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A true knight’s tale

BY ROMY UDANGA
Last updated 05:00 02/06/2009
Photo: SHANE WENZLICK

EACH DAY COUNTS: Sir John Walker came from humble beginnings to triumph in athletics. Being made a Knight Companion of the New Zealand Order of Merit caps what he calls a “simple life dedicated to making good”.

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Manukau’s John Walker, one of New Zealand’s greatest sporting legends, has been knighted in the Queen’s Birthday honours list.

The Olympic gold medallist, champion athlete, children’s advocate and Manukau city councillor has been made a Knight Companion of the New Zealand Order of Merit for his services to sport and the community.

He was the only man honoured with the title in yesterday’s list and it officially entitles him to be referred to as Sir John Walker.

But the man who was made a Commander of the Order of the British Empire in 1992 for his services to athletics says he never expected the ultimate honour.

"It is just plain out of the blue. I had no inkling about it but it is such an honour."

Sir John enjoyed one of the world’s longest careers in international athletics.

At eight years old he started running as a junior harrier and quickly attracted media interest and newspaper headings like: Watch this midget go.

He started running seriously in 1969 when he was 17 but missed out on selection for the 1972 Munich Olympics.

The next year he went to his first overseas competition and ran his first sub-four minute mile in Canada at just 21. He went on to become the first man to run 100 sub-four minute miles.

"Mine has been a good career. It’s peppered with accolades but I consider breaking the 3m 50s for the mile as my greatest sporting achievement."

That came when he ran 3.49.4s in Gothenburg, Sweden, on August 12, 1975.

Sir John competed for New Zealand for 17 years until he was 38. In 1992, on his birthday on January 12, he tried to become the first 40-year-old to break four minutes for the mile. But he had torn an achilles tendon and had to postpone the attempt twice. In the end the injury became too severe and he retired a month later.

From then on he immersed himself in boosting the morale of children and raising funds for charities.

He was president of Variety – The Children’s Charity when it started in 1998 and led it until 2001.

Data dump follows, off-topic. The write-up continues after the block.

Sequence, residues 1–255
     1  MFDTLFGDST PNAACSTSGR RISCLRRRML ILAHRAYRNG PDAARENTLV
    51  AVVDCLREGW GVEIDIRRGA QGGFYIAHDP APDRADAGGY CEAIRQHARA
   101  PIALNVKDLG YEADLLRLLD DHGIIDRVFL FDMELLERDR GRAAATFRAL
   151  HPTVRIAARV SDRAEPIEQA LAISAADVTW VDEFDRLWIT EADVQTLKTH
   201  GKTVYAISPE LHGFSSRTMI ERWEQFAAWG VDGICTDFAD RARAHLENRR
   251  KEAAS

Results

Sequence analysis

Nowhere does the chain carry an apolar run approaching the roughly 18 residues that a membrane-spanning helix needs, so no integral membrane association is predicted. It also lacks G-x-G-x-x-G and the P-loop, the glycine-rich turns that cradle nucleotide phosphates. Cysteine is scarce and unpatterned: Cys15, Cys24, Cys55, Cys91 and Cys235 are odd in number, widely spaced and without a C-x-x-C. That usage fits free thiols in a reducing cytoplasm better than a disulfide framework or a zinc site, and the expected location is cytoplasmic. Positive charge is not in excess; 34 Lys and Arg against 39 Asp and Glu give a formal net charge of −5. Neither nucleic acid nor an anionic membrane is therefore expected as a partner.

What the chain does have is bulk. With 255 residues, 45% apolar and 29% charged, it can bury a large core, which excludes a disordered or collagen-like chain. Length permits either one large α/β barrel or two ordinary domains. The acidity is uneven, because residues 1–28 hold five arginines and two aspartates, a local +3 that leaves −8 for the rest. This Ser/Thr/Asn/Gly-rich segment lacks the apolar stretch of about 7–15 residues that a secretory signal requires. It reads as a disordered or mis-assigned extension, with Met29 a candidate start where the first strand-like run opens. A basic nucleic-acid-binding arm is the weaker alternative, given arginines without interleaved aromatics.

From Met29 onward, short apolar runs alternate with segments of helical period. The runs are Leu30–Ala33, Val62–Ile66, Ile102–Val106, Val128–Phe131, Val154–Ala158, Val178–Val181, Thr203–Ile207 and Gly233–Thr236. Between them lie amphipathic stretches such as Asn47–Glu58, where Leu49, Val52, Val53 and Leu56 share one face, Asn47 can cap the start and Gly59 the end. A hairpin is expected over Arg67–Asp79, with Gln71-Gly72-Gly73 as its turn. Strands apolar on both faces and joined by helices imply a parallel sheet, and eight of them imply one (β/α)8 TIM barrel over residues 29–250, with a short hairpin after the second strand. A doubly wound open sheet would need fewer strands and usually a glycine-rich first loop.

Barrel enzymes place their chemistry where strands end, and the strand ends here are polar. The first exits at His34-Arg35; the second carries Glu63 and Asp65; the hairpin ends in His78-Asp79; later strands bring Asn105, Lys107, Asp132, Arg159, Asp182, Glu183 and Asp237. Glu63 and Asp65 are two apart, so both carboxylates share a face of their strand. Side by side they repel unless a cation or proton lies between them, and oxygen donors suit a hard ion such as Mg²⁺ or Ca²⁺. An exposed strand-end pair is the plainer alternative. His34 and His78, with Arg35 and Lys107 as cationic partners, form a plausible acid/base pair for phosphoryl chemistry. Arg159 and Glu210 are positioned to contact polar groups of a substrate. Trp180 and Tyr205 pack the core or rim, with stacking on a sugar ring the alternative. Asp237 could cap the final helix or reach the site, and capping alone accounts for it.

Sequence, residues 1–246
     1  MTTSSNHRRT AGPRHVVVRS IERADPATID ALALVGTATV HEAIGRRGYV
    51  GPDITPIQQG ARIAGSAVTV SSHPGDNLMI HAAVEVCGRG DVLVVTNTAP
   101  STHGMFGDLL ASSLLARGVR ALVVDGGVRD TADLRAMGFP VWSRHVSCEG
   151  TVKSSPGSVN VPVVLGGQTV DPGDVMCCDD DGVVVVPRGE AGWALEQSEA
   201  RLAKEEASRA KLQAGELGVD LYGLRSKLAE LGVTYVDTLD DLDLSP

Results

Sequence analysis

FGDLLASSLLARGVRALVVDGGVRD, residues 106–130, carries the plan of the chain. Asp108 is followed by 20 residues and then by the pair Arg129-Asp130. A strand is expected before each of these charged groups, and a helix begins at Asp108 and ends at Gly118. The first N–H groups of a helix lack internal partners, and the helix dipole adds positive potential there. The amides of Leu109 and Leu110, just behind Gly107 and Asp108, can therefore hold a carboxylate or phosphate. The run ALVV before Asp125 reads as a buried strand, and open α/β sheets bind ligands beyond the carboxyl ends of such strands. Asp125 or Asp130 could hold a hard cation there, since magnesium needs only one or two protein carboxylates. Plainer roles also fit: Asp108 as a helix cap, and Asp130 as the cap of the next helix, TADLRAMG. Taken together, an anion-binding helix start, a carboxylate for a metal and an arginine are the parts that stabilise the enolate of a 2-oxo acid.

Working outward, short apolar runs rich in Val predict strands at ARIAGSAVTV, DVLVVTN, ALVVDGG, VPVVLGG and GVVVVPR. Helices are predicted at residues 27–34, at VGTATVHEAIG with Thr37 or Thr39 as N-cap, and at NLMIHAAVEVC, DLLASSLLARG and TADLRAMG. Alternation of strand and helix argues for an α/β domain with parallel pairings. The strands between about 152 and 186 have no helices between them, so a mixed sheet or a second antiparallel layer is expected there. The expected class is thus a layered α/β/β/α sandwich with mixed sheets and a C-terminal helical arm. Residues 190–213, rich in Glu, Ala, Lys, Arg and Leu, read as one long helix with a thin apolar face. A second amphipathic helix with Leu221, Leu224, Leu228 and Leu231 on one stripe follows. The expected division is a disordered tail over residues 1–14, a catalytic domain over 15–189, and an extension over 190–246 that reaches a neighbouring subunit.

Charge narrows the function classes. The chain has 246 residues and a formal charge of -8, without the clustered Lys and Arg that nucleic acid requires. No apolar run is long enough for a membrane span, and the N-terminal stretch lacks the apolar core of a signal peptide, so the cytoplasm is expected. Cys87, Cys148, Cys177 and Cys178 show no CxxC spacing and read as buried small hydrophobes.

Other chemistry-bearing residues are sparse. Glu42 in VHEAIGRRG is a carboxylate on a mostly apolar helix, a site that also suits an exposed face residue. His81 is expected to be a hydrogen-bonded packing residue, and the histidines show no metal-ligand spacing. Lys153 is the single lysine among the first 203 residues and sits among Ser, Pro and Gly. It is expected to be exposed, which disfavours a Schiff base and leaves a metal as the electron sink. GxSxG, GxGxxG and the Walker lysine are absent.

Despite being diagnosed with parkinson’s in 1995, he has refused to give up his passion for sport and contributing to the community.

"That was 14 years ago. I thought the whole world would come to an end. But I managed it day-by-day and lived each day fully."

Part of "living fully" was running for – and winning – a seat on the Manukau City Council in 1997.

Among the programmes he’s established with the council is the Find Your Field of Dreams project.

Now known as the John Walker Find Your Field of Dreams Foundation, it gives Manukau youngsters the chance to engage in sport and supports community sports clubs and programmes that help young people – including after-school sport, physical recreation and learn-to-swim programmes.

But he wouldn’t have achieved all that had he not trusted in fate and taken his opportunities, he says.

"As a young boy I grew up in Manurewa, coming from an impoverished background. I succeeded the hard way – by hard work and determination. At the start somebody invited me to join the sports club and I said yes. It was there that I was introduced to Arch Jelley who would coach me through the years."

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But the most significant "yes" he said was when he was invited to a party more than 30 years ago.

"I used to work at a radio station and one time I was invited to a party. I wasn’t going to go but a friend said I might enjoy it and that was where I met Helen."

The couple married in 1979 and have four children, Elizabeth, 29, Richard, 25, Timothy, 21, and Caitlin, 17.

Now Sir John encourages young people to make every day count.

"Say yes and make it happen. Others may be able to show you the way but only you can make it happen.

"Take the opportunity, make the first step. If you don’t, you may regret it for the rest of your life."

Career highlights:

In middle distance running, John Walker rates as one of the greats.

He was the first man to crack the 3min 50s barrier for the mile, running 3.49.4s in Gothenburg, Sweden, in 1975, and the first to run 100 sub-four minute miles.

In a career spanning 20 years he won an Olympic gold medal and three Commonwealth Games medals.

Career highlights:

• First sub-four minute mile at Victoria, Canada, in July 1973 – 134 more followed

• Silver in the 1500m and bronze in the 800m at the 1974 Christchurch Commonwealth Games

• Gold in the 1500m at the 1976 Montreal Olympics

• World record for the 2000m, running 4.51.4s in Olso, Norway, in 1976

• Broke the 1500m indoor world record with a time of 3.37.4s in 1979

• Silver in the 1500m at the 1982 Brisbane Commonwealth Games

• Ran 100th sub-four minute mile on his home track at Mt Smart in 1985

• New Zealand sportsman of the year in 1975 and 1976

• Sportsman of the de-cade for the 1970s.

- Manukau Courier

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